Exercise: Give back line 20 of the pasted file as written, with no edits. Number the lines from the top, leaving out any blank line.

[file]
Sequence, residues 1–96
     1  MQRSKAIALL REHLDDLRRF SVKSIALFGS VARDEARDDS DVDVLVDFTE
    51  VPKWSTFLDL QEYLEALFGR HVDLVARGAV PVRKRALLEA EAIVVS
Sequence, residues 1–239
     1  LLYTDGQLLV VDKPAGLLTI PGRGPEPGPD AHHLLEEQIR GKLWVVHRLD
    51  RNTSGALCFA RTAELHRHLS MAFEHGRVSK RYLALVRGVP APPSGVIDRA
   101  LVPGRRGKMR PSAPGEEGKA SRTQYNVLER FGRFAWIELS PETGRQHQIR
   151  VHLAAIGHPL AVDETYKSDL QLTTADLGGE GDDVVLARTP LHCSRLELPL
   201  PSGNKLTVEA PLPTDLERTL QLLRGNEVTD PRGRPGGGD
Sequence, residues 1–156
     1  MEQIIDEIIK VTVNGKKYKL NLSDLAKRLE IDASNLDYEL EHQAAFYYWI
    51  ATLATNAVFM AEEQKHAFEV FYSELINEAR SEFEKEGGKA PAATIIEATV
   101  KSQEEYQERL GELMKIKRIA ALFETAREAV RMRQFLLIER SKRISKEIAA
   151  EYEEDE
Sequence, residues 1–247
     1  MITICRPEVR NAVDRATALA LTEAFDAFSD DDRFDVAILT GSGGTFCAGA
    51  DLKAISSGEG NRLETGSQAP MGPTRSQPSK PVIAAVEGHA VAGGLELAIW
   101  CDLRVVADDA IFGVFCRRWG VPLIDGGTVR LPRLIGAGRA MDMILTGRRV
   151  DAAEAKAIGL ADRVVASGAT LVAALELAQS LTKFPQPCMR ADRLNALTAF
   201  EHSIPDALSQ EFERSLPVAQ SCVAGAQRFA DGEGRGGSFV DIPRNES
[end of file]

   201  EHSIPDALSQ EFERSLPVAQ SCVAGAQRFA DGEGRGGSFV DIPRNES